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The Primordial Image: Archetypes
Article ID: 13592
Age Group: Adult
Days Up: 1,541
Times Read: 3,181
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Author: Vikki Bramshaw
Posted: December 20th. 2009
Times Viewed: 3,181
There seems to be a certain amount of conflict in the Pagan community when it comes to the use of the concept of ‘Archetypes’ within Paganism, Wicca and Witchcraft. This is perhaps due to varying theological views -- in particular the differences between Polytheism and Pantheism -- but perhaps also due to a certain degree of ‘misinformation’ about what an ‘Archetype’ actually is.
I briefly discuss Archetypes in relation to Deity in my book, Craft of the Wise, but as I have recently started a Psychotherapy course, I decided that it would be rewarding to explore these terms further, and expand the subject. [Note: I am by no means an expert on psychology, but I hope this article will offer a little towards the understanding of the subject in relation to the Craft.]
A ’standard description’ of an archetype (as a concept) is: ‘Archetypes are deep enduring patterns of thought and behavior laid down in the human psyche, which remain powerful over long periods of time and transcend cultures and generations. Archetypes form the basis of instinctive patters of behavior that all of humankind shares in common.’
Most people know the common Archetypes (the ‘fundamental personalities’) : such as The Mother, The Hero, The Tyrant, The Lovers, The Child, and so on. But like many other terms which have been adopted by modern western spiritual paths (such as the concept of ‘Karma’) the Archetype is a much more expansive subject than it is usually given credit for.
On considering what the term Archetype can really offer when it is applied to Wicca and Initiatory Craft, we need to first look at what the pioneering psychologist Carl Jung really meant when he coined the term, ‘Archetype’. When Jung first came up with the concept, he named what we now call the ‘Archetype’ the Primordial Image, a phrase that he first used in his essay, ‘Instinct and the Unconscious’.
When he started his ‘modern quest for the soul’, Jung turned to classical mythology to explain his insights - because he realized that the stories within the mythology explained his concept quite nicely as reflections of the human experience – together with other ‘gateways to the unconscious’ such as dreams, rituals, and the use of art and symbols. In this way, he identified the power of mythology as (what could be described as) both a ‘key’ and a ‘mirror’ for the journey of the soul.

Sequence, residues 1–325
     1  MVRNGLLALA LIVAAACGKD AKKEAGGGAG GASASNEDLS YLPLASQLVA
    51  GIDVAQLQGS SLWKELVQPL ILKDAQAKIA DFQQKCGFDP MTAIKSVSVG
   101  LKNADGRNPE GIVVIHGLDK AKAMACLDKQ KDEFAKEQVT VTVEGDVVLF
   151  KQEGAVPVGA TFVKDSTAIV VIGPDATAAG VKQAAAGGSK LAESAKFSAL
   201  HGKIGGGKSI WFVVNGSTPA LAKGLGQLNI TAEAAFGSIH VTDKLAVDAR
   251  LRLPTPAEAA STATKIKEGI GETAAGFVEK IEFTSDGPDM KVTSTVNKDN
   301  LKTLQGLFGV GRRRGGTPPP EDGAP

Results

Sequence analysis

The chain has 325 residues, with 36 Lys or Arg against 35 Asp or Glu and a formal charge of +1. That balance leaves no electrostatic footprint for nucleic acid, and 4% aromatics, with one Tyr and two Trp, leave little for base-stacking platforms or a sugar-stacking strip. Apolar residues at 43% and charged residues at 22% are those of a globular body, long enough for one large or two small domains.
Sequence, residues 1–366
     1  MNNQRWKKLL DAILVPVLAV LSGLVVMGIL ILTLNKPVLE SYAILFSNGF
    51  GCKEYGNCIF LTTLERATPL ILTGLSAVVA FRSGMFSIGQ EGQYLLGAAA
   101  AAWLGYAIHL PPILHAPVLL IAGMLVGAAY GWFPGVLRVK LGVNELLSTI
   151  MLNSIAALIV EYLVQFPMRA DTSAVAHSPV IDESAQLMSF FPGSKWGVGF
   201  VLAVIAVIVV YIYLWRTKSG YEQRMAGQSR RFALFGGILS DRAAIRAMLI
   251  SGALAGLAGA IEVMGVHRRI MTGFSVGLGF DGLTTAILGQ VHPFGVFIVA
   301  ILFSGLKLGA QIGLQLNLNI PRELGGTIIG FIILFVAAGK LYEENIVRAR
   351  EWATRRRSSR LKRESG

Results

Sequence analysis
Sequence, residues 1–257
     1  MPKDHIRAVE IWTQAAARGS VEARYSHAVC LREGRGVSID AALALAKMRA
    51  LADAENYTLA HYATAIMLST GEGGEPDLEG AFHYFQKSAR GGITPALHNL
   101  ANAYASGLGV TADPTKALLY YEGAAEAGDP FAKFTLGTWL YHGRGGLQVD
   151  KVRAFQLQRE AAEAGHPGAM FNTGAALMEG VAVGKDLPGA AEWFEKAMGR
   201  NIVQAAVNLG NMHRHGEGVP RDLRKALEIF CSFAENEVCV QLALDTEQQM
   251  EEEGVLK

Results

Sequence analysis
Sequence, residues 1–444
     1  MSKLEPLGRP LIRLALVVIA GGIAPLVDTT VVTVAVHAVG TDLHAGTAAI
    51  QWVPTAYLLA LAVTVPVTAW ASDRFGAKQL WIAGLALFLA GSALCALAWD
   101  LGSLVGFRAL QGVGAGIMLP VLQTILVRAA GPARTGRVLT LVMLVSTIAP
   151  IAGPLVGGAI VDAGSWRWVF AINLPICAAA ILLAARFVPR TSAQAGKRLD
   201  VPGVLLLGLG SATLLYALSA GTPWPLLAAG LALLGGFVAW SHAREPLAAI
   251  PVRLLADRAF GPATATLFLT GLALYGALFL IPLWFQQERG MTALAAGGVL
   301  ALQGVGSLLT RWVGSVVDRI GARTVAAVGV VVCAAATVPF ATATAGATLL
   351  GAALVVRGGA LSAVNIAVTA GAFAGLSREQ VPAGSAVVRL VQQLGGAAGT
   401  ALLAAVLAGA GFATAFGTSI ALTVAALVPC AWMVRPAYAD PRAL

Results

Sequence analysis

Jung also had a personal interest in Alchemy and Astrology and believed that the ultimate aim of the individual was to fulfill our inner potential and that through personal transformation one might journey to meet the Self (the true and ‘whole’ identity) and the Divine. Paradoxically, this journey to meet the Self often meant growing out of one certain Archetypal role, and perhaps growing into another - and ultimately discovering the true identity.
It might also be important to define where Jung thought these Archetypes originated. Jung speculated that the ‘Archetype’ came from the collective unconscious, and that Archetypes represent behaviors and dispositions before they manifest as earthly existences.
Some practitioners of the Craft equate the Collective Unconscious with the Astral Plane – described as the Conceptual and Formative level of the Magical Personality, or, the Bridge between the physical and the spiritual worlds. It can perhaps also be equated with the Transcendent Intuition of Briah in Qabalah.
Carl Jung was also one of the first modern psychologists to state that the human psyche ‘is, by nature, religious, ’ and throughout his life Jung strived towards a spiritual purpose beyond material gain. The original ancient Greek meaning of the word ‘psyche’ is “breathe of life” or “soul spirit”, so it’s already obvious that something much bigger is at work here. This concept seems conducive with cosmology, and manifestation: our minds and souls receiving messages and instructions from higher planes of existence.
The Archetypes are also associated with the Major Arcana in the Tarot deck (which are also reflected in the Qabalah) such as The Hermit, The Emperor, and The Lovers; ‘personality types’, which we can all relate to. In fact, the Tarot is a good example of how the Archetypes can be both psychological and mystical. The Tarot is read both intuitively (opening the psychic senses to pick up messages from the Divine) but also from a psychological angle (i.e. how the chosen cards relate to phases and initiatory processes within our lives) .
Jung also used the term Archetype to explain patterns of ‘key events’ (or perhaps what we in the Craft might call ‘initiations’ or ‘ordeal rites’) such as birth, childhood, marriage, and preparation for death (which are summed up very nicely by the ‘Fools Journey’ of the Tarot) as well as explaining patterns of ‘Motifs’, such as those used in mythology like the apocalypse (the end of the world) and the deluge (the great flood) and so on. These are key themes which we find in both ancient mythology and on our cinema screens today.
So what is the confusion here with Wicca? There have been many influential works over the last 15 or so years that have discussed Archetypes in relation to Wiccan practice. For instance, Vivianne Crowley’s book, Wicca discusses Archetypes in detail, but this time as ‘aspects’ of the Gods.
Vivianne was certainly in a position to discuss the subject of psychology, as she was a trained Jungian psychologist and a university lecturer in Psychology of Religion. However reading over her work again whilst researching for this essay, I realized that I didn’t quite see eye to eye with her when it came to the Gods; as her particular style of Wicca seems to explain the Gods away simply as ‘aspects of our own Psyches’. This may not be what she actually meant, but this is how it comes across and it certainly seemed there was no place in this way of thinking for a Polytheist.
However that aside, she does explain a few things nicely in relation to the role of the Archetype manifesting in the magical personality (you, as Priest/ess) – (note: not a God/dess manifesting – an Archetype manifesting!) – and how perhaps ritual might aid this particular psychological journey. This, I think, is the true use of Archetypes in ritual and magic.
She explains in this context that the Archetypes are ’symbolic forces’, which appear in a dream, or a vision, part of us, yet separate. That we are externalizing our unconscious, and that Wicca enables us to connect with ’sub-personalities’, in order to enrich our own lives: all terms that were used by psychologist Carl Jung.